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Surprising Gradient not 'Surprising Enough'

  1. May 28, 2008 #1
    [SOLVED] Surprising Gradient not 'Surprising Enough'

    1. The problem statement, all variables and given/known data

    Q] Sketch the vector function and

    [tex]
    v = \frac{\hat{r}}{r^2}
    [/tex]

    and compute it's divergence. The answer may surprise you... can you explain it?

    ['r' is the position vector in the Euclidean space]

    2. Relevant equations

    [tex]
    \nabla \cdot v = \frac{\partial v_x}{\partial x} + \frac{\partial v_y}{\partial y} + \frac{\partial v_z}{\partial z}
    [/tex]

    3. The attempt at a solution

    [tex]
    \mathbf{r} = x\hat{i} + y\hat{j} + z\hat{k}
    [/tex]

    and,

    [tex]
    \mathbf{\hat{r}} = \frac{x\hat{i} + y\hat{j} + z\hat{k}}{\sqrt{x^2 + y^2 + z^2}}
    [/tex]

    Hence,

    [tex]
    \frac{\mathbf{\hat{r}}}{r^2} = \frac{x\hat{i} + y\hat{j} + z\hat{k}}{(x^2 + y^2 + z^2)^{\frac{3}{2}}}
    [/tex]

    [tex]
    \nabla \cdot v = \frac{(x^2 + y^2 + z^2)^{\frac{1}{2}}((x^2 + y^2 + z^2)^3 - 3x^2)}{(x^2 + y^2 + z^2)^3} + \frac{(x^2 + y^2 + z^2)^{\frac{1}{2}}((x^2 + y^2 + z^2)^3 - 3y^2)}{(x^2 + y^2 + z^2)^3} + \frac{(x^2 + y^2 + z^2)^{\frac{1}{2}}((x^2 + y^2 + z^2)^3 - 3z^2)}{(x^2 + y^2 + z^2)^3}
    [/tex]

    on using Simplify in Mathematica:

    [tex]
    \nabla \cdot v = \frac{3(-1 + x^4 + y^4 + 2y^2 z^2 + z^4 + 2x^2 y^2 + 2x^2 z^2))}{(x^2 + y^2 + z^2)^{\frac{3}{2}}}
    [/tex]

    But there was nothing 'surprising' about this result. What am I doing it wrong?

    Also, this problem is from D. Griffith's 'Introduction to Electrodynamics'. And I am at the 2nd chapter which deals with Calculus used in Electrodynamics. The thing is that I am heavily confused between a Gradient, Divergence and Curl. Hence, to overcome that, I think the only way is practicing a lot of questions. Could anyone please show me any source where I could get lots of questions on Gradient, Divergence and Curl to practice [it'd be nice if it were a free resource].

    thanks
     
  2. jcsd
  3. May 28, 2008 #2

    Dick

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    The divergence should be zero. Would that be surprising? There is something going wrong. Since you now know it's wrong, can you correct it?
     
  4. May 29, 2008 #3
    well yes.. a zero divergence would be surprising.. but i have no idea as to what I have done wrong...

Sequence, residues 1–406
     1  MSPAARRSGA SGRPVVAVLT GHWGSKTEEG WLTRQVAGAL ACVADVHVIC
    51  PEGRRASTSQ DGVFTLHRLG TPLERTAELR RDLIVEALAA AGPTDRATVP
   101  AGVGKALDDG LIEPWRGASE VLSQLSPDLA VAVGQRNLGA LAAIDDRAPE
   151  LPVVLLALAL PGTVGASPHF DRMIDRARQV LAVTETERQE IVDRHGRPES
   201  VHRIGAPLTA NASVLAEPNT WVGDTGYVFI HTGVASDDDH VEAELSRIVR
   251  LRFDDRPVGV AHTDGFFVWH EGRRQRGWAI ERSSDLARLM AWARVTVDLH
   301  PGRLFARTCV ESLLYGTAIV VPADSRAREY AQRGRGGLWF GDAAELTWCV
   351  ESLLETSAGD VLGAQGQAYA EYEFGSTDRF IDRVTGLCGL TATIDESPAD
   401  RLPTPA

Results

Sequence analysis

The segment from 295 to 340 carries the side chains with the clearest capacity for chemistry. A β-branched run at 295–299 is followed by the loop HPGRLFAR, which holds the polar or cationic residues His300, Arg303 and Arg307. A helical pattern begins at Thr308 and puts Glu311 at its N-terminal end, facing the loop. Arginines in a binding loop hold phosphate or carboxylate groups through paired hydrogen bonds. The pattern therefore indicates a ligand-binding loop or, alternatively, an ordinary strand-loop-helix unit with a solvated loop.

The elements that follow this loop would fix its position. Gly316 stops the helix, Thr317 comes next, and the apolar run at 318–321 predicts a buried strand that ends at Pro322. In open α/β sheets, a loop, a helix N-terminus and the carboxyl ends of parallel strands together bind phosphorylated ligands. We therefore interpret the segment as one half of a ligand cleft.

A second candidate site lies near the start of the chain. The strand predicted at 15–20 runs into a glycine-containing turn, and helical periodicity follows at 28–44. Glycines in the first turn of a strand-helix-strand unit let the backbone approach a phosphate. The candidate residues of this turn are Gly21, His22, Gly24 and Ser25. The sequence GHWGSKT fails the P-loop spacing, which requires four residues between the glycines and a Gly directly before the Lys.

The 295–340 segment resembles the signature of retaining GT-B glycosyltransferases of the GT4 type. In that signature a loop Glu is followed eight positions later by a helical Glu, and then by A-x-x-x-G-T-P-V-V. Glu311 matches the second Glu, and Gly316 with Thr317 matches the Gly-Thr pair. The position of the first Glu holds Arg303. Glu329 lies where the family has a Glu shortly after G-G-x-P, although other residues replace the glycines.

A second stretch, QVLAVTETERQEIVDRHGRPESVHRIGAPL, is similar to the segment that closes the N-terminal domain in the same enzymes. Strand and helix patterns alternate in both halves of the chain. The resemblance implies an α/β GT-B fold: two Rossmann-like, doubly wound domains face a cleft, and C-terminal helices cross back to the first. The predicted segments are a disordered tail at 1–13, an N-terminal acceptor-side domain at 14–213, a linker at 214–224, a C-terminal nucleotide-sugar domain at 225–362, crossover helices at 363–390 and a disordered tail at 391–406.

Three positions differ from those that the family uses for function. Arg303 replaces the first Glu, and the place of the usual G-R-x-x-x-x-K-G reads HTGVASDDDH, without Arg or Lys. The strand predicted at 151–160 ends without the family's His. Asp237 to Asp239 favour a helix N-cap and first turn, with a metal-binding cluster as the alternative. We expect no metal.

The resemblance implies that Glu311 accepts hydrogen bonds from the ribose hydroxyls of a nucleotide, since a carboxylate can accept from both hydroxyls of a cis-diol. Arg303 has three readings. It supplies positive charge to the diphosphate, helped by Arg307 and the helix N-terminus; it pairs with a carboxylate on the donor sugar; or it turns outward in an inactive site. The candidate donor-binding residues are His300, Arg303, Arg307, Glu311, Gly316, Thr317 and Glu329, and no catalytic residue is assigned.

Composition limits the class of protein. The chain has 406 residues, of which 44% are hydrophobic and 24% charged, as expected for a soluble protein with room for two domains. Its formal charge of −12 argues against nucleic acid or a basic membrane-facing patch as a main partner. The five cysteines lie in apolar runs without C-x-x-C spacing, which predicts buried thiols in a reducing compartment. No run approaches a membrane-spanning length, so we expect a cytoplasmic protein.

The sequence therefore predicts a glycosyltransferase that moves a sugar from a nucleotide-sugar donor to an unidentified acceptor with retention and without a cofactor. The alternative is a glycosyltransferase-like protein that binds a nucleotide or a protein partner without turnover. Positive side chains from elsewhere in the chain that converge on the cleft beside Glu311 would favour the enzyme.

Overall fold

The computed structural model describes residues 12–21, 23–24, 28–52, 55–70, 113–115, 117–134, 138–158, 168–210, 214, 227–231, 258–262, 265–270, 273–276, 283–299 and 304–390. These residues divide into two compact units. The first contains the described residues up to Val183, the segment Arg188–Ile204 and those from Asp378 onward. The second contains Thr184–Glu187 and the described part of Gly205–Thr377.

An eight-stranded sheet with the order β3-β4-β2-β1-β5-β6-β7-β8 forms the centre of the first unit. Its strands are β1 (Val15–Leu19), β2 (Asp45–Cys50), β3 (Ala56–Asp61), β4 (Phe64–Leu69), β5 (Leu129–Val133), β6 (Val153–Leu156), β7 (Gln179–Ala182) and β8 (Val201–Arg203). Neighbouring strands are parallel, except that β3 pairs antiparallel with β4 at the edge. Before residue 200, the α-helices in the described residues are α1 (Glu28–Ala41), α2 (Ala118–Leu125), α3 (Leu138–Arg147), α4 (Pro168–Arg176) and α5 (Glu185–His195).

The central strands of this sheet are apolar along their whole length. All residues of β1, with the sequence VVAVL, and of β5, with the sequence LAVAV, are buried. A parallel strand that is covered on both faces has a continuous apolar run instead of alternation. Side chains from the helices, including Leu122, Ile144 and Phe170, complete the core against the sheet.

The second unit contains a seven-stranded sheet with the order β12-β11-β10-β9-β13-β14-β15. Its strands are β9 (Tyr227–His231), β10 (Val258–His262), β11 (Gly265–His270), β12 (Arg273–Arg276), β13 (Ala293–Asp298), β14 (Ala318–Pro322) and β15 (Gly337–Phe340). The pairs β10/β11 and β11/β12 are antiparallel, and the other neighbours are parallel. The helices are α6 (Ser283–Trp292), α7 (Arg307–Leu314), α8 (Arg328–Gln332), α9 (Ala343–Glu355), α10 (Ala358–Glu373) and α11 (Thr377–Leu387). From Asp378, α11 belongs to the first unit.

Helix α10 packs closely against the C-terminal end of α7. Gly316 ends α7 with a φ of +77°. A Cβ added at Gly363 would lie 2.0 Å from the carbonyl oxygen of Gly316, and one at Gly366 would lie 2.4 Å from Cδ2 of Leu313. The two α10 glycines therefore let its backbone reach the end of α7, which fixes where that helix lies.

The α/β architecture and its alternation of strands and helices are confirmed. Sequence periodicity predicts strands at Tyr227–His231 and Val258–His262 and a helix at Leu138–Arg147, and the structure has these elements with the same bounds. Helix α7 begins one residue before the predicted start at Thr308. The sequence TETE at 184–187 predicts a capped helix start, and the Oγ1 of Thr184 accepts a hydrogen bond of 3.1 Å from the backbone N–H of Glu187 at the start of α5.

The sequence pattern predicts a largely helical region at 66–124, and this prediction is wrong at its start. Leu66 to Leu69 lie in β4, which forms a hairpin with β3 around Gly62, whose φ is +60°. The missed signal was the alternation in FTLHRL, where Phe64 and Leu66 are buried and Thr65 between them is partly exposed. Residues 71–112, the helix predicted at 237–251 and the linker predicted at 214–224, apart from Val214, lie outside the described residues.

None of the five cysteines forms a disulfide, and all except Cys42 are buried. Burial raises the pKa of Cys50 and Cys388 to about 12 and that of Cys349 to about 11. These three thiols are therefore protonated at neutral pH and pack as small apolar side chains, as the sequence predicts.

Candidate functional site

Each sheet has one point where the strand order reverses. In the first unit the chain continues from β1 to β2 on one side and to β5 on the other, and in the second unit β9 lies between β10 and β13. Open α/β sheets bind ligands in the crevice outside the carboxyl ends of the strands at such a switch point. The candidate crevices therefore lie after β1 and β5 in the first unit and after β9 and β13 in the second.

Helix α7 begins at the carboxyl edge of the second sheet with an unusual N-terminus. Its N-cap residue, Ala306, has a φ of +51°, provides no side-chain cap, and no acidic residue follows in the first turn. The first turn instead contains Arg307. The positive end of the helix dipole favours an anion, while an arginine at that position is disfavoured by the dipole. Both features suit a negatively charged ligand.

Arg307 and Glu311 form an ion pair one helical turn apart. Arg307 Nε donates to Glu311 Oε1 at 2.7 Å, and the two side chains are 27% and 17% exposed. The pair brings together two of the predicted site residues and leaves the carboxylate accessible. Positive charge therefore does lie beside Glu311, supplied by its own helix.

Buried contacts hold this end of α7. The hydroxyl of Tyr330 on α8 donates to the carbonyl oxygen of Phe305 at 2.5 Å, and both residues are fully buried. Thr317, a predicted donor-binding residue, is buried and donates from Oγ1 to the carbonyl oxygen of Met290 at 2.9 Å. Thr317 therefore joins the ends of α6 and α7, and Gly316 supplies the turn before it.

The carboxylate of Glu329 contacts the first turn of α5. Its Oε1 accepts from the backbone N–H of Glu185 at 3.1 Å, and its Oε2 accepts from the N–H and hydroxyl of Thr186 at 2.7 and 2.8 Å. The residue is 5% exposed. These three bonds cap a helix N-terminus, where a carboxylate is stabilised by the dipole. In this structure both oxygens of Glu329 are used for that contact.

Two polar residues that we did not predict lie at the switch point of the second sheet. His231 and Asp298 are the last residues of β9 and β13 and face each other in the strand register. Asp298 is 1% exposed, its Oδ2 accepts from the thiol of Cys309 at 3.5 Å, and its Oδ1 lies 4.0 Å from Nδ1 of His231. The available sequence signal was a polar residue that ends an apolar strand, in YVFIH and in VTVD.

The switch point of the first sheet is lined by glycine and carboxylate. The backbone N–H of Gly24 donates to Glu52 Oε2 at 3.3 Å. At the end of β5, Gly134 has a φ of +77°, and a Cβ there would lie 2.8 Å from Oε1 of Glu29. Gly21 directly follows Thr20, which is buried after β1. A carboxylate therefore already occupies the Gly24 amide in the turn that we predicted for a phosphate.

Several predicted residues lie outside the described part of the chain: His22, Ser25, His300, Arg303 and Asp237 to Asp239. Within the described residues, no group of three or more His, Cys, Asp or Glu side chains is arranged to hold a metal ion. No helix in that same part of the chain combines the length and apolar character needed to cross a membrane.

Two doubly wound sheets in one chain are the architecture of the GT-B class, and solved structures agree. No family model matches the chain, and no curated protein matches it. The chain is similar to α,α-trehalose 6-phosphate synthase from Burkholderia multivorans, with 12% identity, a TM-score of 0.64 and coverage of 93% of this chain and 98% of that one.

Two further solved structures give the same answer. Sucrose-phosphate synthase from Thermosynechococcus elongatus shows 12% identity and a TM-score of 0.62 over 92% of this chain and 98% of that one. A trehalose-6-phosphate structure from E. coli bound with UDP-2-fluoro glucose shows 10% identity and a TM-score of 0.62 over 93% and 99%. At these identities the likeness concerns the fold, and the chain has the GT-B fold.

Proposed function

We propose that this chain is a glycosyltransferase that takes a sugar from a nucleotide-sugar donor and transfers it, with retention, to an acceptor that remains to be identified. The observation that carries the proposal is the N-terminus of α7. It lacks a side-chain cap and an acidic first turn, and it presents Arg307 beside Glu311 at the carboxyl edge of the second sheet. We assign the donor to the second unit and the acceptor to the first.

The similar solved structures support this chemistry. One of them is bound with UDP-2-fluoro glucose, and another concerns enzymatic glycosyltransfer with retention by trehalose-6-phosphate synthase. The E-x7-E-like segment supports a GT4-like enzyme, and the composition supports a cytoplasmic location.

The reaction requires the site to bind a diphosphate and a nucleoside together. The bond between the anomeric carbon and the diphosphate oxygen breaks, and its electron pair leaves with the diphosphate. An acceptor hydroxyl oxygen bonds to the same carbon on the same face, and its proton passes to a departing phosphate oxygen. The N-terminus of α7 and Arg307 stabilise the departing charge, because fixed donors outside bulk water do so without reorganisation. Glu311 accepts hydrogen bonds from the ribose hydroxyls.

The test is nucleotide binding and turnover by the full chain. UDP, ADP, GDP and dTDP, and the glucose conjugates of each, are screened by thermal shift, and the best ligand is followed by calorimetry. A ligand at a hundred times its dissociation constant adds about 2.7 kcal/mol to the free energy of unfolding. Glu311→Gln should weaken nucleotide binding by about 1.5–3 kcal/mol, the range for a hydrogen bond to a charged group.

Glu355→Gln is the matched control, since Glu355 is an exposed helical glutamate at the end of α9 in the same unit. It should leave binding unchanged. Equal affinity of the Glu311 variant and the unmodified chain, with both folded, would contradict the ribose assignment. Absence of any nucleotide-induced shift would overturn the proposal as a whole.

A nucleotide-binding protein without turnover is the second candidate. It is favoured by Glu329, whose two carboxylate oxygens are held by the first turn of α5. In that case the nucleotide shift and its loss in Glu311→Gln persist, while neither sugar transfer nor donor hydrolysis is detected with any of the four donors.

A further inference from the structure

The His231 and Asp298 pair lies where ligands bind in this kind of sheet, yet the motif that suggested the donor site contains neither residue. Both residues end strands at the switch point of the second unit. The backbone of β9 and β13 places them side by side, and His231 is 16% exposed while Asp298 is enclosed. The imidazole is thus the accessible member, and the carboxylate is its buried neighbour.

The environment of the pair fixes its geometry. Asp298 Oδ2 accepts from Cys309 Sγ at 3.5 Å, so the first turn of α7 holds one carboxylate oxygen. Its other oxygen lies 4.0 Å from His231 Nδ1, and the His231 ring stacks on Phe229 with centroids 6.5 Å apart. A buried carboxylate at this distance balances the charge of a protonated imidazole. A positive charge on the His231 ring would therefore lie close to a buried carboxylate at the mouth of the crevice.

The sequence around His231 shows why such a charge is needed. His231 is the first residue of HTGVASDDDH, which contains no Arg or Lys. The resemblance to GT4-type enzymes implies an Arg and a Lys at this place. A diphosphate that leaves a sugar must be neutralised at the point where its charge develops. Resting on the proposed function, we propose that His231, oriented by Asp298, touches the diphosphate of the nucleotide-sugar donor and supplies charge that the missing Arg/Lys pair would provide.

5. May 29, 2008 #4

    Dick

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    I was hoping I wouldn't have to check the gory details. It's
    d/dx(x/r^3)+d/dy(y/r^3)+d/dz(z/r^3). Is that what you did? There's a good physical reason for it being zero. I'm glad you are surprised.
     
  6. May 29, 2008 #5
    Yes.. that is what I did... And is it zero because the direction of the vector is always radially outward?
     
  7. May 29, 2008 #6

    nicksauce

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    Why should you be surprised? Try calculating the flux of that vector field through the unit sphere first using the divergence theorem (saying that the divergence is 0) and then calculate the flux directly as a surface integral.

    Edit: But first maybe let's check your original calculation...
     
  8. May 29, 2008 #7

    Dick

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    No, it's because it's the electric field outside of a point charge and divergence measures the density of source for the charge. So outside of the point charge, there is no charge density, hence divergence is zero. Do I really have to check the details, can't you do it? You have mathematica!
     
    Last edited: May 29, 2008
  9. May 29, 2008 #8
    well yes.. got it.. I had calculated the partial derivative wrongly.

    Thanks for the quick reply...
     
  10. May 29, 2008 #9

    Dick

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    d/dx(x/r^3)=(1*r^3-x*3*r^2*dr/dx)/r^6. dr/dx=x/r. Analogously for y and z. Check that.
     
  11. May 29, 2008 #10

    Dick

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    I knew you could do it.
     
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